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Matricaria


Matricaria
Photo Information
Copyright: Marx Who (Marx44) Gold Star Critiquer/Gold Star Workshop Editor/Gold Note Writer [C: 172 W: 97 N: 926] (3891)
Genre: Plants
Medium: Color
Date Taken: 2010-07-10
Categories: Flowers
Camera: Canon EOS 30 D, Canon EF 100 mm F2.8 Macro USM
Exposure: f/8, 1/500 seconds
More Photo Info: [view]
Photo Version: Original Version
Date Submitted: 2010-12-29 13:33
Viewed: 2134
Points: 10
[Note Guidelines] Photographer's Note
Matricaria is a genus of flowering plants in the sunflower family (Asteraceae). Some of the species have the common name of "mayweed," but this name also refers to plants not in this genus.

Most are very common in the temperate regions of Europe, Asia, and America, as well as in northern and southern Africa, and some are naturalised in Australia. M. occidentalis is native to North America; other species have been introduced there.

These are hardy, pleasantly aromatic annuals, growing along roadsides in ruderal communities and in fallow land rich in nutrients. Though many are considered nuisance weeds, they are suitable for rock gardens and herb gardens, and as border plants.

Their many-branched stems are prostrate to erect, glabrous, and very leafy. Their bipinnate leaves have numerous linear, narrowly lobed leaflets.

The flowers are radially symmetrical. The greenish-yellow capitula are semi-spherical. The white ray florets can be present (M. recutita) or lacking (M. discoidea). The disc florets are 4- to 5-dentate. The receptacle is 2–3 times as high as wide. The pappus may be crown-shaped and short, or lacking.

Matricaria species are used as food plants by the larvae of some Lepidoptera species (caterpillars) including Lime-speck Pug.

The extract of German chamomile (M. recutita) is taken as a strong tea. It has been used in herbal medicine as a carminative and anti-inflammatory. It is also used in ointments and lotions, and as a mouthwash against infections of mouth and gums. Aromatherapy uses two essential oils of chamomile: the "true chamomile" oil (or German chamomile oil, from M. recutita) and the Roman chamomile oil (from Anthemis nobilis).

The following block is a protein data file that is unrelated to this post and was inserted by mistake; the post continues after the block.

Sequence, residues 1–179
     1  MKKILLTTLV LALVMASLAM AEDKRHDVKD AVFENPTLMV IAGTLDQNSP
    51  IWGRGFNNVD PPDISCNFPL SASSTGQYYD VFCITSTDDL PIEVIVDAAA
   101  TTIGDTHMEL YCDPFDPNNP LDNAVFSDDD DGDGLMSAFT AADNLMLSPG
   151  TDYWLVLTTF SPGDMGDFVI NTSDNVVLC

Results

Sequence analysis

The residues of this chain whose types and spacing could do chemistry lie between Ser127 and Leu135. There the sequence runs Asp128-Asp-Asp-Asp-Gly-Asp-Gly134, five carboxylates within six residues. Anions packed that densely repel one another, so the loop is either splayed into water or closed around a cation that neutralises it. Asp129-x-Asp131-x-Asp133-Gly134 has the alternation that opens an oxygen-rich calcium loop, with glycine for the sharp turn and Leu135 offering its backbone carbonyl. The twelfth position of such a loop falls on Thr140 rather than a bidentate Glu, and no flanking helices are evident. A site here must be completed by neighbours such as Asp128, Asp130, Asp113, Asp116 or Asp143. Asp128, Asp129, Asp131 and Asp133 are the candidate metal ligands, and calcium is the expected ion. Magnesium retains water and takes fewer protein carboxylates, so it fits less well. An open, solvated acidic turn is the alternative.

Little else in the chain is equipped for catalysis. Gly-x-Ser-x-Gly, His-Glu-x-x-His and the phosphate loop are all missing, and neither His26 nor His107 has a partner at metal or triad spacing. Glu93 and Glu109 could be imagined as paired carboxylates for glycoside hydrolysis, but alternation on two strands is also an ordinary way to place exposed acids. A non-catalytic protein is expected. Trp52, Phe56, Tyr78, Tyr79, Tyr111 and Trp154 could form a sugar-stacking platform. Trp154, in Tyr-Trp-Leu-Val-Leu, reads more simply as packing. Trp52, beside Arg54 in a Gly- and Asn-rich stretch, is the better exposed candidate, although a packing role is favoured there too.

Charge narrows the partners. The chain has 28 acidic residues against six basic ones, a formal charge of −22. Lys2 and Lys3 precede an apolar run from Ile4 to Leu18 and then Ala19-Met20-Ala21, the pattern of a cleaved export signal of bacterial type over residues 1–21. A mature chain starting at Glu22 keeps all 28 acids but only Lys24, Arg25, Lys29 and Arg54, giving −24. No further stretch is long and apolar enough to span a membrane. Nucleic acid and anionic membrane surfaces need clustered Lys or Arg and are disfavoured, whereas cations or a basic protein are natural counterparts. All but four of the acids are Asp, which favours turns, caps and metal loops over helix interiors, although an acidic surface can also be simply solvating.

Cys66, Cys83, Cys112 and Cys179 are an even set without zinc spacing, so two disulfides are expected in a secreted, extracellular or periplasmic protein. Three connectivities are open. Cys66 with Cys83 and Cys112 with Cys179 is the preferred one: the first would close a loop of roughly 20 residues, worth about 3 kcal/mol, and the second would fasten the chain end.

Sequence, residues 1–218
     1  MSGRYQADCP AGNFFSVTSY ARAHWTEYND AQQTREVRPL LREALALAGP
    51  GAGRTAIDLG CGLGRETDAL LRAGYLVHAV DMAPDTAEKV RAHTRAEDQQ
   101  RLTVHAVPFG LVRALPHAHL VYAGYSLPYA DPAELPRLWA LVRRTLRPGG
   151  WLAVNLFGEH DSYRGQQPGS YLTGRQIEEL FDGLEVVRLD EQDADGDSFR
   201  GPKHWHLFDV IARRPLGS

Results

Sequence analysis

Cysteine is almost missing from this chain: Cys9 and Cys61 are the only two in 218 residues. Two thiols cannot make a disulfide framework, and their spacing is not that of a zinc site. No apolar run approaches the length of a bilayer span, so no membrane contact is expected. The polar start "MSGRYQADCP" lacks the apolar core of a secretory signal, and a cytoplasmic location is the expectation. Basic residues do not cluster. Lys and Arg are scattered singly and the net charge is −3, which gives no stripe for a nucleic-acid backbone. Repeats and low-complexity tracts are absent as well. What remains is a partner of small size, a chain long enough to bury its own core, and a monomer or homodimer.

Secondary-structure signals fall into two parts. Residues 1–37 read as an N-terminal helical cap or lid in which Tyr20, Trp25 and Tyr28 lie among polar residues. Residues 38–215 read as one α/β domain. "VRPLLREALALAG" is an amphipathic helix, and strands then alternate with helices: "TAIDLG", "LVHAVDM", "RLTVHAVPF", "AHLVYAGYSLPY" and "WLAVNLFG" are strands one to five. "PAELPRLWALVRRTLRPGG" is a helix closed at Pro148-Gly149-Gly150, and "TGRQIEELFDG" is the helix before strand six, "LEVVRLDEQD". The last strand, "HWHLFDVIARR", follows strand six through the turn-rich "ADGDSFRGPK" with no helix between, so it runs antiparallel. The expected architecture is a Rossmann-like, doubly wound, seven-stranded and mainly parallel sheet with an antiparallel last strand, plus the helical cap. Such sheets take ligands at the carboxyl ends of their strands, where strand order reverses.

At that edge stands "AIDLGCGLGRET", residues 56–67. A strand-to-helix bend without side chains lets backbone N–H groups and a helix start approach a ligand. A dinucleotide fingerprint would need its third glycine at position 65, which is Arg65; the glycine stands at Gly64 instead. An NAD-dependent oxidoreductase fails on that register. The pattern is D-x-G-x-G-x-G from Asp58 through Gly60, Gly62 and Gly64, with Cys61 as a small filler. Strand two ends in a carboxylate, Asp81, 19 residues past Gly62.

The taxonomy of Matricaria is controversial and very confused. Several species are classified either in Tripleurospermum or Matricaria depending on the interpretation of the author. The distinction is made according to the number of the seed ribs: Tripleurospermum has one adaxial and two lateral seed ribs, while Matricaria has four or five adaxial seed ribs.

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Critiques [Translate]

  • Great 
  • GLEM Gold Star Critiquer/Gold Star Workshop Editor [C: 540 W: 87 N: 750] (10)
  • [2010-12-29 14:23]

hi Marx
très belle macro colorée, j'aime la composition avec le recul nécessaire pour visualiser toute la scène.

tfs
Gaetan

Very atmospheric photo, the blurred matricarias at the back adding to the effect. regards Yiannis

hello Marx
a super 3D picture with great sharpness and great details
the colours are beautiful with a good BG
greeting lou
i wish you and Fam.
A HAPPY NEW YEAR AND HEALTHY 2011

Hello Marx.
Beautiful photo. The colours and the sharpness are excellent.
My best wishes for the New Year, Christodoulos

Hello Marx,
Very beautiful photo of Matricaria with striking colours and good sharpness. Best wishes for the new year, Pambos

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